Skelos Departs Leadership With Rich Legacy for Jews

ALBANY -
State Sen. Dean Skelos arrives Monday at his office at the Capitol. (AP Photo/Mike Groll)
State Sen. Dean Skelos arrives Monday at his office at the Capitol. (AP Photo/Mike Groll)

Rarely has so much been owed by so many to a single person.

Dean Skelos’s abrupt departure Monday from the leadership of the state Senate prompted an outpouring of gratitude from Klal Yisrael’s askanim in New York, who point to an unusual flood of aid to yeshivah parents during his eight years leading the chamber.

Skelos, a Long Island Republican, resigned Monday as he fights federal charges that he helped a company who employed his son. Following a midday conference meeting, Republicans, who control the state Senate, chose one of his top lieutenants, John Flanagan, to lead their chamber after Skelos endorsed him.

Rabbi Shiya Ostreicher, an advocate for the Orthodox community who netted an extraordinarily close relationship with Skelos over a decade of activism, bemoaned the loss of a friend he considers among the chassidei umos ha’olam — the righteous among the gentiles.

“There was never a time that I asked him for anything for the community that he turned me down. He doesn’t have the word ‘no’ in his vocabulary,” said Rabbi Ostreicher, a behind-the-scenes askan who agreed to a rare media interview in honor of Skelos.

Rabbi Chaim Dovid Zwiebel, executive vice president of Agudath Israel of America, said that Skelos enjoys “an extremely close relationship” with the Kamenetsky family, which lives in his district. Harav Binyamin Kamenetsky, shlita, Rosh Yeshivah of the Yeshiva of South Shore, would attend a breakfast held in Skelos’s honor each year, introducing him.

State Sen. Simcha Felder, a Democrat who caucuses with the GOP, said that Skelos told him on Monday that although he lost his high position, he intends to continue the relationship.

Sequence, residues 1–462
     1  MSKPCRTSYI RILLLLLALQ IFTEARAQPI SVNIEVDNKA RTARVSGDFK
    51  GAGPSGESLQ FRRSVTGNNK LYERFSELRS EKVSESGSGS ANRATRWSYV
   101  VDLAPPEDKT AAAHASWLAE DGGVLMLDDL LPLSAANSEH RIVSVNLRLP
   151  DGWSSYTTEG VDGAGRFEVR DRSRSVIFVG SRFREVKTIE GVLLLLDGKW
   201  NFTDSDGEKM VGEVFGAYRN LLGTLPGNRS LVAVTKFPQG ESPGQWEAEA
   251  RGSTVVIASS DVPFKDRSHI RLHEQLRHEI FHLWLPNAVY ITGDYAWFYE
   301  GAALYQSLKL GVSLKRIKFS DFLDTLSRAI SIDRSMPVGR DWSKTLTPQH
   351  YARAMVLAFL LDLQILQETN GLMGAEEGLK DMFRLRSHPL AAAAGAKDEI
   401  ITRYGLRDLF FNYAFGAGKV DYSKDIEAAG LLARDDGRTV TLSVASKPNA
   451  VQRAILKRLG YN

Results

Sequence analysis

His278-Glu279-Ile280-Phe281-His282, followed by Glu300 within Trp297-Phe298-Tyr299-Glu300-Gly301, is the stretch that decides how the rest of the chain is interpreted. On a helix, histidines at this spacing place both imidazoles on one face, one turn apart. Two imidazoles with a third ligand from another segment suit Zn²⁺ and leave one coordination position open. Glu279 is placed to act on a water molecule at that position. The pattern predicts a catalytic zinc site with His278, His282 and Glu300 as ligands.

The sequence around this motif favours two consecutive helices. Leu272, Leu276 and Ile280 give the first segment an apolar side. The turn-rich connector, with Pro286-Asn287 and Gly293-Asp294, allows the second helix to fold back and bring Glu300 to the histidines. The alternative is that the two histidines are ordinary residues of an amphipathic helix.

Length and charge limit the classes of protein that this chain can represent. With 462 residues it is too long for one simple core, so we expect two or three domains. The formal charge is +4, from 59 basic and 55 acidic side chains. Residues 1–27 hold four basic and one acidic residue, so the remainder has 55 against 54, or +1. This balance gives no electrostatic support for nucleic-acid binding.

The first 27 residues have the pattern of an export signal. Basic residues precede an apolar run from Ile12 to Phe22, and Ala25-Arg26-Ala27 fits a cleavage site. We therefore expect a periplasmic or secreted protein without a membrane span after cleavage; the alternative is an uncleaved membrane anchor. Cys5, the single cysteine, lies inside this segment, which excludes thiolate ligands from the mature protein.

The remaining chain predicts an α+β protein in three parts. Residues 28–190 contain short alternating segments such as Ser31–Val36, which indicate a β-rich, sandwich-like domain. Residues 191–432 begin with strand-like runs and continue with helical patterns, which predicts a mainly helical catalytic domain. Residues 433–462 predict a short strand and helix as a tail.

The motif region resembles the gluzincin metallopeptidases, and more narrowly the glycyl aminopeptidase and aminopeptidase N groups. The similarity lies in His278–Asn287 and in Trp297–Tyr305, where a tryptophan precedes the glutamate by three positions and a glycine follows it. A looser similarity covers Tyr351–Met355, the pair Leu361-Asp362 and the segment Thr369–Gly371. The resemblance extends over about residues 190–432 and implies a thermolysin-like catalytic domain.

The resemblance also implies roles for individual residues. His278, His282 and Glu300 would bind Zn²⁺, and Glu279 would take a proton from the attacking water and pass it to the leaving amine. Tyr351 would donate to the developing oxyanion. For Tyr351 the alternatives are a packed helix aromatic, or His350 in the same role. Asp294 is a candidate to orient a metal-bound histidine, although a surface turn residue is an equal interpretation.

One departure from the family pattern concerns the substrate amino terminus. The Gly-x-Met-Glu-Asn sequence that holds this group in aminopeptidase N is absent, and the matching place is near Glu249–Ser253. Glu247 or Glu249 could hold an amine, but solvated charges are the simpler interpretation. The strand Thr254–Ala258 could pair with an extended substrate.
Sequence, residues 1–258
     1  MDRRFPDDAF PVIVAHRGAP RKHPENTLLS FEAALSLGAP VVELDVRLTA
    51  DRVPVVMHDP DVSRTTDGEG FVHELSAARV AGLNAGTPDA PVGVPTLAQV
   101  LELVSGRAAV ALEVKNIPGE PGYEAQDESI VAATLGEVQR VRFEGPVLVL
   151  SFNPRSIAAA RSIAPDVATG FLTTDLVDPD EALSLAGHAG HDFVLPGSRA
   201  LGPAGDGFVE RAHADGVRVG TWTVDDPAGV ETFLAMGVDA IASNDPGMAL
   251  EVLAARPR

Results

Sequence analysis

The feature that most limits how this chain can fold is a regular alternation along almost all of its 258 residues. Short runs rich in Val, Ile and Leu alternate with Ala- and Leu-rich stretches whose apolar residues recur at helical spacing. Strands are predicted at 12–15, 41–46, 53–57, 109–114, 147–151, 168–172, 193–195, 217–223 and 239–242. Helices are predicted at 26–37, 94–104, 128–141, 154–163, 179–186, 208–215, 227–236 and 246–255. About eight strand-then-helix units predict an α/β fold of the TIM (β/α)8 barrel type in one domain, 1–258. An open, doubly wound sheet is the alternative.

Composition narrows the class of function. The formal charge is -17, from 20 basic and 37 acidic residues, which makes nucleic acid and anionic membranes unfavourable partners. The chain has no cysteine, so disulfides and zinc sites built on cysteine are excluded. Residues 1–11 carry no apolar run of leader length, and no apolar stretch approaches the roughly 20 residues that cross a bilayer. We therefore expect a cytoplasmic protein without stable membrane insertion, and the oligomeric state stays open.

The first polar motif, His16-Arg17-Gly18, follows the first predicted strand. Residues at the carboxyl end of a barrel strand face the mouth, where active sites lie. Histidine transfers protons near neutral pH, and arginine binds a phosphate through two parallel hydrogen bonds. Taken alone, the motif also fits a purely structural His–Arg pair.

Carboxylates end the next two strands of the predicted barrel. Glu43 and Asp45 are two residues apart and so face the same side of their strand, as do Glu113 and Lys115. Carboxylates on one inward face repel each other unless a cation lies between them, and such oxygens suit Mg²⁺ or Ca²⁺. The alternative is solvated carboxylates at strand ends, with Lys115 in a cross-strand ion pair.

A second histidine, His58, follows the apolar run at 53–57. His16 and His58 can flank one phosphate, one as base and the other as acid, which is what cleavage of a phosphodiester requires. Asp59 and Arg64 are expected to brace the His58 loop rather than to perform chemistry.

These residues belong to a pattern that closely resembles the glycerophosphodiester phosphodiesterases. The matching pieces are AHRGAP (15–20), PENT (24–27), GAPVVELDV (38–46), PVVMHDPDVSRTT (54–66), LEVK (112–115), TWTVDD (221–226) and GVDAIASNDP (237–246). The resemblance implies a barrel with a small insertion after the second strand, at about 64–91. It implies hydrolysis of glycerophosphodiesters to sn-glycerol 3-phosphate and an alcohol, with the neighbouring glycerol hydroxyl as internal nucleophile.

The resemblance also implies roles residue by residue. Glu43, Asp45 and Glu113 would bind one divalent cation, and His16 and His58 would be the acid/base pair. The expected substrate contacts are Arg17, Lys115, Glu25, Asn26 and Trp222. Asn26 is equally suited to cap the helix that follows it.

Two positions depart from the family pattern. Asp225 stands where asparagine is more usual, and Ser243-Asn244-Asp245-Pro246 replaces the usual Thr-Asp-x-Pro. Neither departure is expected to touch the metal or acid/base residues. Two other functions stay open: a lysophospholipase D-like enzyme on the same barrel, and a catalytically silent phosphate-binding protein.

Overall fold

“He said, ‘Simcha, I might not be the leader but we have to sit down together and see as senators what we could do on the issues,’” said Felder, paraphrasing the conversation.

“Besides for being a great leader and an advocate for our community,” Felder added, “he is a very sensitive, compassionate and religious human being. I look forward to continue working with him.”

The Orthodox community’s relationship with Skelos began more than 10 years ago, before the latter held a leadership position. Rabbi Ostreicher was seeking a lawmaker who could introduce legislation to allow yeshivah gedolah students to receive state funding on a par with college students.

Skelos, a Greek Orthodox lawmaker whose district includes the Five Towns Jewish community, stepped up. He became the bill’s first sponsor, and ended up carrying it through the finish line three years later when Gov. Andrew Cuomo signed the Tuition Assistance Program into law. TAP currently helps yeshivos in the range of close to $23 million a year.

The relationship blossomed. The Orthodox community sensed a lawmaker with genuinely warm feelings to them and he saw a group of activists who never asked for anything for themselves, just for the community’s institutions and yeshivah parents.

Back in 2007, Skelos was convinced that yeshivah parents were discriminated against by being forced to pay for transportation. He took $5 million from his own member item — or pot of money each lawmaker can spend — and allocated it for a raffle of yellow buses for yeshivos.

That grant has since ballooned into a $35 million-a-year budget item for a fleet of hundreds of buses ferrying tens of thousands of yeshivah students each day.